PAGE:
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Vox of Dartmouth, the College's newspaper for faculty and staff, ceased publication in February 2010. For current Dartmouth news and events, see:

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In Brief

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Steven Kadish, senior v.p. and strategic advisor to President Kim
Steven Kadish (Photo by Joseph Mehling '69)

 

President-elect Dr. Jim Yong Kim has announced the appointment of Steven Kadish as senior vice president and strategic advisor to the president. Kadish, a longtime colleague of Kim's, is currently director of Global Health Equity at Brigham and Women's Hospital (BWH) in Boston. He was previously under secretary for health and human services in the Commonwealth of Massachusetts and senior vice president for administration at Harvard Pilgrim Health care. He will move to Hanover after finishing his current work at BWH in June.

As part of the institution-wide effort to reconcile the College's budget, VOX of Dartmouth will reduce its print publication schedule from 18 times per year to monthly, beginning in July 2009. VOX will continue to be available online , and with the new schedule, VOX will offer readers a comprehensive monthly calendar of events-many of which are free and open to the public-to the campus and wider communities. To continue (or begin) publicizing your department's or program's events in the VOX calendar, take note of these new deadlines. Questions? Contact us.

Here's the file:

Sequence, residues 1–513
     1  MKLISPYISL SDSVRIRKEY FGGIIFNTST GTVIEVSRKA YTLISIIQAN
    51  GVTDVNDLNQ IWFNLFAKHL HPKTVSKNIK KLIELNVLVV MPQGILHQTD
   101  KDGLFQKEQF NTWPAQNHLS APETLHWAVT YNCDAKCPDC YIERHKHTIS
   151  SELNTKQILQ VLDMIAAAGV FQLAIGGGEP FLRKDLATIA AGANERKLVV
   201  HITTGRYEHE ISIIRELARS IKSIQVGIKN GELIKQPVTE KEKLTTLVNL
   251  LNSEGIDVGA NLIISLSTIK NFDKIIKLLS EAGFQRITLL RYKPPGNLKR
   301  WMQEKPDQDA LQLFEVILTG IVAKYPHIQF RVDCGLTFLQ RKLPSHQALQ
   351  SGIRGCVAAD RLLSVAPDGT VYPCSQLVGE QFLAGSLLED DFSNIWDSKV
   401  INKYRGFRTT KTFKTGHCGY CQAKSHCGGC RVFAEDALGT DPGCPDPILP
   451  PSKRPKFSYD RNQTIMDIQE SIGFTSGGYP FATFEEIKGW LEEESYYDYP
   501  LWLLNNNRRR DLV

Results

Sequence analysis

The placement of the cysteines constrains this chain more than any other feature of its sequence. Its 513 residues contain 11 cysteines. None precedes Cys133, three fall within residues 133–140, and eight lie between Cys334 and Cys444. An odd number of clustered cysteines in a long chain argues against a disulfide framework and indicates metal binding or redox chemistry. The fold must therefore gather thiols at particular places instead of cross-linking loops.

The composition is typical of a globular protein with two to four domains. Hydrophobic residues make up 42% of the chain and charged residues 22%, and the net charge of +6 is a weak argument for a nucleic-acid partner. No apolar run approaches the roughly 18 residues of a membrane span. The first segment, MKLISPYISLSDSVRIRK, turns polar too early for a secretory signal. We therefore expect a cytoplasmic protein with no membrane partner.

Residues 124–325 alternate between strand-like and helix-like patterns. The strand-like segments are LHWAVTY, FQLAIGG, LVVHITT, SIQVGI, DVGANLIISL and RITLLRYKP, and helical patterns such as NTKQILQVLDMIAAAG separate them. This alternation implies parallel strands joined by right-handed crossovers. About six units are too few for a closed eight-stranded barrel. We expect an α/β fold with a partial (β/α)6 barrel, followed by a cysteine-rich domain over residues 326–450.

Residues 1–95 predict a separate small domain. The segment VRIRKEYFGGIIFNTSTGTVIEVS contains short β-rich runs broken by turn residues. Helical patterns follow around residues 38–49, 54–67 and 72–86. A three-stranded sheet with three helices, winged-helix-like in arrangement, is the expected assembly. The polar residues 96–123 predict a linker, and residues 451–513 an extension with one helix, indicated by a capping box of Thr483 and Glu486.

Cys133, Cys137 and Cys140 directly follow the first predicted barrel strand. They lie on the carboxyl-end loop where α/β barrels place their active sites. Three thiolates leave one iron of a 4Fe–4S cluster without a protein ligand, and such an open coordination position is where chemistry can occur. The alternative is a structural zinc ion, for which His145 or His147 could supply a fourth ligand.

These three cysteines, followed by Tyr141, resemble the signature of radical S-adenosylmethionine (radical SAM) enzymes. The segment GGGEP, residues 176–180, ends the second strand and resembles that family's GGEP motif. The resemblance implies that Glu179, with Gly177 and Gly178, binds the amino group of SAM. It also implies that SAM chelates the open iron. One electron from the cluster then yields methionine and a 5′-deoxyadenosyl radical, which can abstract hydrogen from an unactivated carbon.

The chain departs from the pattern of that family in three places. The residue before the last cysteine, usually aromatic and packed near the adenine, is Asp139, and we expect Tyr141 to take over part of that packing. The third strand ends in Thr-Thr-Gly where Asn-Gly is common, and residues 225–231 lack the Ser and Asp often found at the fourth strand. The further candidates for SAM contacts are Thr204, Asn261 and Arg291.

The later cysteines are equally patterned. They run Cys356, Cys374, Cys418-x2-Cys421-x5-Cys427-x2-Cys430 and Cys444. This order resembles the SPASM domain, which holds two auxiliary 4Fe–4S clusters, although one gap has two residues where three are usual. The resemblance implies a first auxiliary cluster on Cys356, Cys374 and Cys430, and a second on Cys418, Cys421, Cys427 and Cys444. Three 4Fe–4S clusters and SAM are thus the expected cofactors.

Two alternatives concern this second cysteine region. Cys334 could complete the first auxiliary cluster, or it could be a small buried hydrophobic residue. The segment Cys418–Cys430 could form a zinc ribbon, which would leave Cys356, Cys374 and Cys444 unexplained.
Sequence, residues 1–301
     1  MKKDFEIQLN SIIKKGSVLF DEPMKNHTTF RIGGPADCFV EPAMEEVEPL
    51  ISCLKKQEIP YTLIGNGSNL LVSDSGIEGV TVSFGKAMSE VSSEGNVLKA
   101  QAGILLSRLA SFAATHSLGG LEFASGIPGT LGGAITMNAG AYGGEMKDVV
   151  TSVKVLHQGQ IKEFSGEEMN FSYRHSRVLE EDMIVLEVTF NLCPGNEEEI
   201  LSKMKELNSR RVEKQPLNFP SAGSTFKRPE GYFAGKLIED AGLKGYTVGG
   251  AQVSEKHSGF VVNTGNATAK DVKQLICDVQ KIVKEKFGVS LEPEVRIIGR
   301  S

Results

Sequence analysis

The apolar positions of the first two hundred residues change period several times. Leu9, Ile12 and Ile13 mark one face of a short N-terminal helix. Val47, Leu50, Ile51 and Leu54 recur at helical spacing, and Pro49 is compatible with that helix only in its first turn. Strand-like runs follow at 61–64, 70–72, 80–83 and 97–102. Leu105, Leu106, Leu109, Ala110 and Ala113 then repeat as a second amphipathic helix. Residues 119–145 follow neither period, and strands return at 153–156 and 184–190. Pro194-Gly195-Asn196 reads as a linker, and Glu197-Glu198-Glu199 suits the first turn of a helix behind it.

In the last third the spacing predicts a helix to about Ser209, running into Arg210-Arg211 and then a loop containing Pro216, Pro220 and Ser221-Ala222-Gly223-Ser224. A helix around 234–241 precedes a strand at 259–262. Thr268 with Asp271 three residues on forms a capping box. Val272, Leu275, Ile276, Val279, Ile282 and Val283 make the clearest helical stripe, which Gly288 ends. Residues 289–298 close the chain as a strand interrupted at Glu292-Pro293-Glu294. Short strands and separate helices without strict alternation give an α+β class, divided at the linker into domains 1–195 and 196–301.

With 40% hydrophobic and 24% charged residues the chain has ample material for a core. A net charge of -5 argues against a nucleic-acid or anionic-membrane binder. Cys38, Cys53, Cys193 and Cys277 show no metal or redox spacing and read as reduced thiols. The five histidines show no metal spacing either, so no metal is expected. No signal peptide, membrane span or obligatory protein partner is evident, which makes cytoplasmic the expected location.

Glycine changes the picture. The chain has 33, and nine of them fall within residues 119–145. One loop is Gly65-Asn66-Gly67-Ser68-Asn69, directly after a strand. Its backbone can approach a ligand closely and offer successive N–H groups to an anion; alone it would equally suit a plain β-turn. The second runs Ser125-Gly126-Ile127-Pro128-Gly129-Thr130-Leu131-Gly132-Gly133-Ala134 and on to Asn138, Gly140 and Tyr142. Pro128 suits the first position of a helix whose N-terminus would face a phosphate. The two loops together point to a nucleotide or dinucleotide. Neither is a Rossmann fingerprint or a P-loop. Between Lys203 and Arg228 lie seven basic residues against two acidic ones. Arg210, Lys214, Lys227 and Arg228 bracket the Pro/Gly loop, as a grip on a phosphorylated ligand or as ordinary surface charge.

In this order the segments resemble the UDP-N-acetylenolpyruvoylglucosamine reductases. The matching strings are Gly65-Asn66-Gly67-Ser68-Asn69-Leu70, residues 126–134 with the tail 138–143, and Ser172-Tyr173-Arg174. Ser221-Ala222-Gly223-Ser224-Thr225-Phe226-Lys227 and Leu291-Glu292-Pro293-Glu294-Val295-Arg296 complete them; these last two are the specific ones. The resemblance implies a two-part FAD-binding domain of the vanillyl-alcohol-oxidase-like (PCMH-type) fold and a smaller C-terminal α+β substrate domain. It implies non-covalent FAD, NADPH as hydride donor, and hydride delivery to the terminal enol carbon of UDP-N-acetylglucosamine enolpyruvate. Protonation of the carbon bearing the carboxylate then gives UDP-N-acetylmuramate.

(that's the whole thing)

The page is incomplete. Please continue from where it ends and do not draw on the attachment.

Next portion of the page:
Jason Moore, genetics professor at DMS
Jason Moore (Photo by Joseph Mehling '69)
Jason Moore, professor of genetics and of community and family medicine at Dartmouth Medical School, is part of the research team that has determined that Africans are descended from 14 ancestral populations. The study is published in the April 30 edition of Science Express, the advance online publication of the journal Science. "I can't stress enough the historical importance of this work," says Moore. "It provides one of the best examples of how genetics can be used to understand the origins of all humans." The study reveals that Africans originated from 14 ancestral population clusters that correlate with ethnicity and shared cultural and/or linguistic elements. Moore describes the work as the "first comprehensive analysis of the genetic structure and history of Africans and African Americans."
Interested in learning more? Click here.

No bottles signpostSustainability Manager Kathleen Lambert '90 and Director of Environmental Health and Safety Michael Blayney have partnered with the Co-op Food Stores to encourage customers to drink tap water, rather than bottled. "For most people, water that is filtered through a Brita pitcher and placed in a refrigerator is indistinguishable from bottled water," says Lambert. "Promoting sustainable alternatives to bottled water can both save money and reduce our carbon footprint." The campaign is still in the planning stages, but Blayney says the effort will likely mirror the Co-op's successful promotion of reusable bags. Independent lab tests in 2007 demonstrated that Hanover tap water contained fewer impurities than bottled water. For more information on sustainability efforts at the College, click here.


Last Updated: 5/12/09